The end of a journey and beginning of a new one

Friday, 12 March 2021 01:17 -     - {{hitsCtrl.values.hits}}

The question of how to establish a modern state that would uphold the rights of all without discrimination, win respect and trust of all, ensure the reign of rule of law, and be free from corruption and inefficiency must be seriously discussed – Pic by Shehan Gunasekara

It can be said that both the old era and the old system of Sri Lanka have come to a historical end. But not only general society but also the leaders who are supposed to guide and steer the society have not clearly understood it yet. 

The entire economy of the country is in a state of complete collapse which needs to be revamped. Similarly the State and the political system are also in a state of total collapse. The social system is no different.

The Easter Sunday tragedy has pushed the country to a point of intense extremism which may eventually lead the political journey of Sri Lanka to a historic end. Although the attacks were targeted on the Sinhala and Tamil Catholics and Christians, it was mainly the Sinhala Buddhists who have been most alarmed and disturbed.

They had already heard about disturbing stories about an organised program allegedly being implemented by Muslims targeting Sinhala Buddhists to make them sterile, causing a great disgust and hatred among the latter on the Muslim community. Consequently the horrific events occurred on the Easter Sunday added to crystallise the anti-Muslim sentiments that had already been rooted deeply in their minds.

Anti-Muslim sentiments 

It was this Muslim phobia nurtured in the minds of the majority Sinhala-Buddhist people that prompted them to embrace the idea of establishing a Sinhala-Buddhist government, leaving no room for the minorities to interfere with its affairs.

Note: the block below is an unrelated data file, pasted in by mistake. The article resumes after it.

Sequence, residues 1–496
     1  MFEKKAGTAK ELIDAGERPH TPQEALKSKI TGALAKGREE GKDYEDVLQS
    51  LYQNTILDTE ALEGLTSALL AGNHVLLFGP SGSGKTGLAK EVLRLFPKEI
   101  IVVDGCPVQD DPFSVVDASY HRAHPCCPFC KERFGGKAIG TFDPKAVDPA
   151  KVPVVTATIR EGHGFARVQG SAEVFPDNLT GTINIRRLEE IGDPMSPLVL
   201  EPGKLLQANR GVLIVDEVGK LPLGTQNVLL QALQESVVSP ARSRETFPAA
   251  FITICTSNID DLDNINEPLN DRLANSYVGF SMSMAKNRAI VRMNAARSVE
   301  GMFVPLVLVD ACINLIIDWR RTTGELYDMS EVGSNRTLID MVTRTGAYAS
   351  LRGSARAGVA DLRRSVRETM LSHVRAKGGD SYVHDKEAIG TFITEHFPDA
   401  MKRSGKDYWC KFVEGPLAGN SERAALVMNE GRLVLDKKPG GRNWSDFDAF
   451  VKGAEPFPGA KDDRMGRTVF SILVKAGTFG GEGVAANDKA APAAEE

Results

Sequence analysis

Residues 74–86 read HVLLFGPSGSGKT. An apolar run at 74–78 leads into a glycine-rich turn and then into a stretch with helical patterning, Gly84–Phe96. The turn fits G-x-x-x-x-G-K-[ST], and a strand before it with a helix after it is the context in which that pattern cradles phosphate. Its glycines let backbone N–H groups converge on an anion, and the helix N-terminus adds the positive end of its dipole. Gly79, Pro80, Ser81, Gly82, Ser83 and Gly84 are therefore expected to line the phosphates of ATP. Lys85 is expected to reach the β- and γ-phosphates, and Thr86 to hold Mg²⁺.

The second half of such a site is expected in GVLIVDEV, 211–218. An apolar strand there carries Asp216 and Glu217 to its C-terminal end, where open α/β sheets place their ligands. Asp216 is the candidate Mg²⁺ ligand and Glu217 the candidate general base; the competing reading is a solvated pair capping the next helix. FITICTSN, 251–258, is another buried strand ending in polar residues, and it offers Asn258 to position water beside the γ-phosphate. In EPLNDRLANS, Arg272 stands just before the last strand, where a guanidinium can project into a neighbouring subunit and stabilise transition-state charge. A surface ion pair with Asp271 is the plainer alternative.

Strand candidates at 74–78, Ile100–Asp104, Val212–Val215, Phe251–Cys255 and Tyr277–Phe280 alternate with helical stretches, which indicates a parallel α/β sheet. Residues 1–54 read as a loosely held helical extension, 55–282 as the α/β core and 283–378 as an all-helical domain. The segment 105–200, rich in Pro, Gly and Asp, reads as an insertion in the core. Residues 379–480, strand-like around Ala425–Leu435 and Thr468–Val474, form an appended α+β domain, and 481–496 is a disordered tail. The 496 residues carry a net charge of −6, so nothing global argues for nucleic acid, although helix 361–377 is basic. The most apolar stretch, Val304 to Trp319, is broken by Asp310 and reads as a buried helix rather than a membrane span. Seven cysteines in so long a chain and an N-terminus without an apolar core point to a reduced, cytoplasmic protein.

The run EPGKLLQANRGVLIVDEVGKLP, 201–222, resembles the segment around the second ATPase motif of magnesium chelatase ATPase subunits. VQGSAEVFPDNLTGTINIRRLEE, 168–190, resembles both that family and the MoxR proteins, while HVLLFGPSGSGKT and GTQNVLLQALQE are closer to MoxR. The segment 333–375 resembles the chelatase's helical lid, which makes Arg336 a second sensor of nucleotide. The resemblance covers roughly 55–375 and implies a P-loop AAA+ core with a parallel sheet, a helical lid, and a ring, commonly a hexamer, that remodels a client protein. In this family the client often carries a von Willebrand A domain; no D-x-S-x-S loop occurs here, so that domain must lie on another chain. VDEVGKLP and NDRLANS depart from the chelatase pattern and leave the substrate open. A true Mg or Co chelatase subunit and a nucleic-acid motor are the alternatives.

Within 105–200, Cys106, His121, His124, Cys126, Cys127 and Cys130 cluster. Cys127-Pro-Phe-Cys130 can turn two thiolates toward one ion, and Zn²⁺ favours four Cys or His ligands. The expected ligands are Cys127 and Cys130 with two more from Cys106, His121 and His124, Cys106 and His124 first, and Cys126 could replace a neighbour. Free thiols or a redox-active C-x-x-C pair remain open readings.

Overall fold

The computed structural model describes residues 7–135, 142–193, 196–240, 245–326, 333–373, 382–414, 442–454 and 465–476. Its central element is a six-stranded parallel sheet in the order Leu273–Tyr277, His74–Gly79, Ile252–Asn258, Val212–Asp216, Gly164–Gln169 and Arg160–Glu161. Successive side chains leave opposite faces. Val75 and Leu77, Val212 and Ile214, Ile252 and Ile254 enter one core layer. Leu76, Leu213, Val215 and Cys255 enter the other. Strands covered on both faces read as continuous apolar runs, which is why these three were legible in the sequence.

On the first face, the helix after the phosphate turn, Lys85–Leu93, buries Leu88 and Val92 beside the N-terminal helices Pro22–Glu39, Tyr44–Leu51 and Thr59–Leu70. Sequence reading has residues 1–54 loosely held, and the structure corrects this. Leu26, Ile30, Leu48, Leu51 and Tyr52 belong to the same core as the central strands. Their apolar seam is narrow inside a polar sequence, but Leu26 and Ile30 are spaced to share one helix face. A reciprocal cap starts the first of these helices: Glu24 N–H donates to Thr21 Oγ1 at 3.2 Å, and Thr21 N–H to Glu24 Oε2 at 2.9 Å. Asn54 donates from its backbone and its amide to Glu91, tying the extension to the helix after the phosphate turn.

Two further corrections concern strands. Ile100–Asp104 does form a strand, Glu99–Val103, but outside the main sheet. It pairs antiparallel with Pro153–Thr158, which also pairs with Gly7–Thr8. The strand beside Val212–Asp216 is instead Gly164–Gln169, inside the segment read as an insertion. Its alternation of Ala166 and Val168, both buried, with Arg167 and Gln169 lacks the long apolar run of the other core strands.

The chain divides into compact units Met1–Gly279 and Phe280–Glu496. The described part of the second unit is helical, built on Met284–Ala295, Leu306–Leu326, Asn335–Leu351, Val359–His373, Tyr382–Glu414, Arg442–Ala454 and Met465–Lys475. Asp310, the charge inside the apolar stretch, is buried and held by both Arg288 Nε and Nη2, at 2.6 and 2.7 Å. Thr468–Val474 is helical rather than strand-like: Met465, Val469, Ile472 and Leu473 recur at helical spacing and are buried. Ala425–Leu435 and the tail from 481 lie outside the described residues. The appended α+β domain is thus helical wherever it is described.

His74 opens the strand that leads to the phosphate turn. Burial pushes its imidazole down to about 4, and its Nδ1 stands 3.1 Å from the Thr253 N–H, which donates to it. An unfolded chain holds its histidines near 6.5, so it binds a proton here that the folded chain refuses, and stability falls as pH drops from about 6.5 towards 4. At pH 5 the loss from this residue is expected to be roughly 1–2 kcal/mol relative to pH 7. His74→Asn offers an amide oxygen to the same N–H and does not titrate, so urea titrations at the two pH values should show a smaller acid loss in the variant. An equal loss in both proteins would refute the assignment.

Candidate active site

As long as the struggle with the Tamils persisted, the Sinhala extremists considered Muslims as their best ethnic ally. In fact the Muslims in the north and east played a significant role in defeating Prabhakaran’s Eelam War. Several names of Muslims were included in the list of prominent war heroes who had sacrificed their lives for the anti-Eelam war.

Following the defeat of Prabhakaran’s Eelam War, the Sinhala Buddhist extremists wanted a new enemy to defend their cause; the Muslims were the new enemy they found. In considering whether there had been an invisible hand behind the Easter Sunday attacks, serious issues spring from the story that Zaharan and some of his followers were attached to the National Intelligence Service, which does not seem to have been taken into consideration yet, seriously.

A question arises as to why the National Intelligence Service wanted to have an extremist like Zaharan in its service? Was he engaged in extremist activities when he was attached to the National Intelligence Service? If so, how was it possible that the National Intelligence Service had not come to know about that? It was the National Intelligence Service which the Indian Intelligence Service had warned in advance about an impending attack which was supposed to have been manoeuvred by Zaharan. Under the circumstances, why didn’t the National Intelligence Service take prompt measures to arrest Zaharan who was in the service of the National Intelligence Service itself?

Is it possible for the ruling parties to use National Intelligence Services or their bureaucrats to achieve their narrow political goals? The investigations made by the Criminal Investigation Department and the Judiciary into some of the heinous crimes committed during the Mahinda Rajapaksa regime have proved the involvement of some senior officials in the National Intelligence Service in those crimes.

The assassination of Lasantha Wickrematunge, the abduction and disappearance of Prageeth Eknaligoda and the assassination of Raviraj are three examples that can be cited in this regard. These three assassinations can be considered as crimes committed by some officials attached to the National Intelligence Service to further the aims of some ruling party leaders. 

The abduction and disappearance of 11 youths can be considered as a heinous crime committed by a group of officers attached to the intelligence services on their own accord for extorting ransom without an involvement of the ruling party. The abductions to extort ransom took place during the JVP’s second insurrection as well.

Understanding the essence of the problem